Blog Post

Electric car maker Aptera shuts down

Updated: Electric car maker Aptera has officially shut its doors, according to a letter from president and CEO Paul Wilbur (the letter is published in full on The Chronicle’s blog). The company is “out of resources,” writes Wilbur, after spending years developing three-wheeled and four-wheeled versions of its all-electric unusual tear-drop shaped car.

Turns out Aptera was pretty close to getting a $150 million loan from the DOE, though it wasn’t able to get enough private investor funds to actually clinch the DOE loan. Aptera says it got a letter from the Department of Energy indicating it would get a conditional commitment from the DOE’s Advance Technology Vehicle Manufacturing (ATVM) for $150 million to build a five-passenger $30,000 electric sedan. However large private investors weren’t willing to invest the matching funds needed. Update: The DOE confirms with me that it did not give Aptera a conditional commitment for a $150 million loan. See new story on that here.

Aptera has long been struggling and delayed the launch of its inaugural three-wheeled car the 2e and earlier this year stopped offering potential customers a chance to reserve it. Earlier this Spring the company publicly discussed restructuring and moving its manufacturing out of California to cut costs and this Summer raised some debt financing.

Such an unusual three-wheeled electric car was never going to be a big money-maker, and using that as the launch car before building a four-wheeled car seems like a strategic error. Electric car makers are already hurting this year, as electric cars are very slowly being adopted. At the same time big automakers Nissan and GM already launched their inaugural electric cars this year that were in the same price range as Aptera’s, and are far more mainstream cars.

Aptera was backed by Idea Labs, power company NRG Energy, and

2 Responses to “Electric car maker Aptera shuts down”

  1. I doubt seriously that you could build your own in 5 years… not even caring about your background or expertise. If it could be done, it would be. RQ Riley is trying to build his own and after two years and tons of investment is still trying to get it to fly right.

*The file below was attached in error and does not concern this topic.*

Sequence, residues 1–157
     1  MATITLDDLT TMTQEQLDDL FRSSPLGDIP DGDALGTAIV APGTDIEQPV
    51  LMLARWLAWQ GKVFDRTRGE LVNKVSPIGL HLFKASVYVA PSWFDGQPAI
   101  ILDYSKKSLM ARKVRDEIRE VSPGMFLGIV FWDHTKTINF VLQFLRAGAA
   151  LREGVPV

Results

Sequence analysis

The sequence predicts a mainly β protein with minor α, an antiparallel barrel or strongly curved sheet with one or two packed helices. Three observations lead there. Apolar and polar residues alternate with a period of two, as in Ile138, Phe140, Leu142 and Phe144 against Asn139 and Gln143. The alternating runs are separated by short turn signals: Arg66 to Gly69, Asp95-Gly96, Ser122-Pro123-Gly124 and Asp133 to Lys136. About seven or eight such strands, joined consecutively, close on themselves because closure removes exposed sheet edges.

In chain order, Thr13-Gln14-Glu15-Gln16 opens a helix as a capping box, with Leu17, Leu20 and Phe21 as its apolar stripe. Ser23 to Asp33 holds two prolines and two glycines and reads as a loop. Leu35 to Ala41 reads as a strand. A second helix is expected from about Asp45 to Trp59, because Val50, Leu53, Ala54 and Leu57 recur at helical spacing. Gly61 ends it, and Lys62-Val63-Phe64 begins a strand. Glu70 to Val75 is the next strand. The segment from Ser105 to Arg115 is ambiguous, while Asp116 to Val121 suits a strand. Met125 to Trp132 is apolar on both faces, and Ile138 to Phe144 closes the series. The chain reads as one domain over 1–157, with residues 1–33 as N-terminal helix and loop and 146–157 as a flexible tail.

“Passionate competition” is squelched before you can even get a few on the road by nay-sayers and just plain ignorant folks. The educated derelicts that believe they know better shun any enterprise and scoff at anything different than the “norms” of society. Look at the Triac, the NmG, the DUO, the ZAP, the GEM, the Zenn, the Cree, the Arcimoto Pulse… and countless others that have fallen by the wayside of main stream vehicles. Millions of dollars have been spent, numerous potential customers have been disappointed. Each and every one of us vote with our dollars and darn near everyone is filing their support for Asian technology and purchasing foreign vehicles in this “Global” Economy. No one wants to support the long term solution, investors all want immediate gratification by profits instead of having the insight to build something here in the United States. Greed is rampant and it seems that the only way to get anything moving is to sell your soul to the devil politics that blaze the path or set up roadblocks along the way.

    Been there, done that, got that tee-shirt, wore it out and threw it away.
    I am driving a three-wheel electric vehicle that I built.

  2. Oh, for crying out loud. I’ve been waiting for this car for almost 5 years. In that time, I could have built my own. How much do they want for the company?
    Somehow, I just knew that as soon as they brought in Detroit management, the car would never see the light of day. Fambro should have just kept building them in the garage and selling them as one-offs. At least then some might be on the road, and the concept could get main stream exposure and possibly take off. Never mind surveys and PR events. Put the thing on the road and let the masses decide. If they needed more capital, then simply let folks like me in Connecticut and other states, put a deposit down, instead of limiting it to California. That might have generated millions.
    Heck, I can even see partnering with another X-Prize competitor, like Edison, to combine resources. But, please bring some passionate competition to the e-vehicle market. The major car companies seem only at best only lukewarm to the idea.